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Profiling Some of the Institutions With the Most Minority Business Graduates

The career goals and objectives of business students have evolved greatly over the past decade. While there are many undergraduates and graduate students aiming for careers in banking or finance, there are also entrepreneurs, innovators, people interested in hospital administration, and others seeking positions at nonprofit organizations.

We take a look at institutions that have excelled at graduating a diverse student base.

University of Maryland Global Campus

Dr. Pam CarterDr. Pam CarterUniversity of Maryland Global Campus (UMGC) offers a broad range of programs, primarily online. UMGC has agreements with all 16 community colleges in Maryland, says Dr. Pam Carter, vice president and dean of the School of Business, which offers seven undergraduate degree programs and 10 stand-alone certificates. At the graduate level there are eight graduate degree programs and 10 stand-alone certificates. Among the programs are accounting, business administration, health administration and services, finance, human resources, and marketing.

UMGC was recently designated a Minority Serving Institution. In its undergraduate programs, African American students comprise 31%, Hispanic/Latinx are 15%, two or more races 4%, and Asian 5%. At the graduate level, African American students are 39%, Hispanic/Latinx 9%, two or more races 4%, and Asian 6.5%. The current overall completion rate for undergraduates is 27%, and 56% for graduate students.

Carter notes that most UMGC students have adult obligations. “We have a very high underrepresented minority presence in our student body, but it’s not because we have special recruitment for that. It’s because we have special recruitment for folks who want an alternative to the traditional experience. Because we focus on that demographic, we have built that in as part of our mission,” says Carter. 

UMGC is open access, which means there are students from different backgrounds and preparation levels. In terms of retention, Carter says hiring supportive faculty is a huge component. “We also have a lot of supports built into our curriculum,” she says. “Recognizing that we need to try as best we can to meet students where they are and get them to where they want to go with the credential they’re working toward.”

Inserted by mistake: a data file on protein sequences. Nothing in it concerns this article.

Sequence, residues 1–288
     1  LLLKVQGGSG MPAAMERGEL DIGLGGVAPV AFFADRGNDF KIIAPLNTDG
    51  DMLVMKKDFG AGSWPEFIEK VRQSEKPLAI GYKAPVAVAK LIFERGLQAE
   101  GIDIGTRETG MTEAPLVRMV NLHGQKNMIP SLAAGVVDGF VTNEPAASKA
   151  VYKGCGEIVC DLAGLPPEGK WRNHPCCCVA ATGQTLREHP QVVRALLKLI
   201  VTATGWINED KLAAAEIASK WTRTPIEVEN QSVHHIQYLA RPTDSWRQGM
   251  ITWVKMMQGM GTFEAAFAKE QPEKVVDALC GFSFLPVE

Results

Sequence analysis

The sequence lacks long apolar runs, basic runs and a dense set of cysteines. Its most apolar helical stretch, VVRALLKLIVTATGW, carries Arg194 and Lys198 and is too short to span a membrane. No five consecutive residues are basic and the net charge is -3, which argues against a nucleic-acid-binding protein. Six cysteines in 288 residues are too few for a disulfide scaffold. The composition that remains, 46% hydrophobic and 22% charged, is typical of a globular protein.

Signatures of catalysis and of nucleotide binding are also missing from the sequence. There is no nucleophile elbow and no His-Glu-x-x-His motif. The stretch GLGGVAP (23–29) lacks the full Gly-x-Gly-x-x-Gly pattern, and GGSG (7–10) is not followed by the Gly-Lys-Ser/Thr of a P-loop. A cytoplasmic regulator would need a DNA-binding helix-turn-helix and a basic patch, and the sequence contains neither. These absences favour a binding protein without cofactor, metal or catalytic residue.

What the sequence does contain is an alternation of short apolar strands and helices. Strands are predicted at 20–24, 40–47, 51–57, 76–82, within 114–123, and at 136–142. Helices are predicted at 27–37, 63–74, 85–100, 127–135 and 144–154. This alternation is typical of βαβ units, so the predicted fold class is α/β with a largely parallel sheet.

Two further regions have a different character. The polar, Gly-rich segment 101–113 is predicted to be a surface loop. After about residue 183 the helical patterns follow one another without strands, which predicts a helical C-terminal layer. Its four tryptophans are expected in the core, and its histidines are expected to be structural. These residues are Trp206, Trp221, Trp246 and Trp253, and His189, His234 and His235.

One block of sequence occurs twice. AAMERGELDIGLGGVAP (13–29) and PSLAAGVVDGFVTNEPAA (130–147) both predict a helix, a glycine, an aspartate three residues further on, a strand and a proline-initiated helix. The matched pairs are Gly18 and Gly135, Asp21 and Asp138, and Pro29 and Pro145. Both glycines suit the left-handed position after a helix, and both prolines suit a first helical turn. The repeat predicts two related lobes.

After degree completion, undergraduates get positions such as account analysts, managers, contract specialists, and business analysts. Two recent MBA graduates became presidential management fellows, three-year positions with the federal government. Other graduate students have received promotions to senior level managers. Both bachelor’s and master’s graduates are starting their own businesses.

“Because of the range of programs we have, there are many career paths,” Carter says.

Webster University

The mission of Webster University, a private institution in Missouri, prioritizes diversity, equity, and inclusion (DEI). The George Herbert Walker School of Business & Technology offers both undergraduate and graduate programs with in-person and online options. Webster’s main campus is in Webster Groves and there are two satellite campuses in St. Louis. There are also military and metro sites throughout the U.S.

There are eight undergraduate degree programs that offer a variety of emphasis areas and 17 master’s degree programs with emphasis areas. For example, the MBA programs offer 11 emphasis areas, including cybersecurity, health administration, data analytics and human resources. The most popular graduate programs are the MBA and the M.A. in management and leadership.

Webster’s business school provides an academic resource center. “Students can go for tutoring, writing support and other things at no charge. Even more than that, we have small classroom sizes (no more than 24 chairs),” says Dr. Simone Cummings, dean of the Walker School. Students are also tracked through Starfish and resources made available when needed.

Graduate students tend to gravitate towards online, but even within online there are various modalities in which courses are offered. “We get students of color primarily through word-of-mouth and because of the fact that we have so many faculty members who are people of color,” Cummings says.

Webster Women in Business meets on a monthly basis, mostly online so that people in disparate locations can attend. “It gives students a chance to network with each other,” Cummings says. “We also bring in alumnae and sometimes guest speakers.”

Seven students have recently been hired to be the first cohort of the Edward Jones Career Pathways partnership, a joint initiative between Webster and the financial services company. The business school also received a Missouri Career Attainment Network grant to provide minority students comprehensive information about career pathways.

In the fall of 2022, Webster hosted a diversity career fair for which corporations were asked to provide a statement about how DEI shows up in their organizational mission. “We were very clear that we wanted them to come, meet and hire our students of color,” says Webster’s Chief Diversity Officer and Associate Vice President of DEI Vincent C. Flewellen.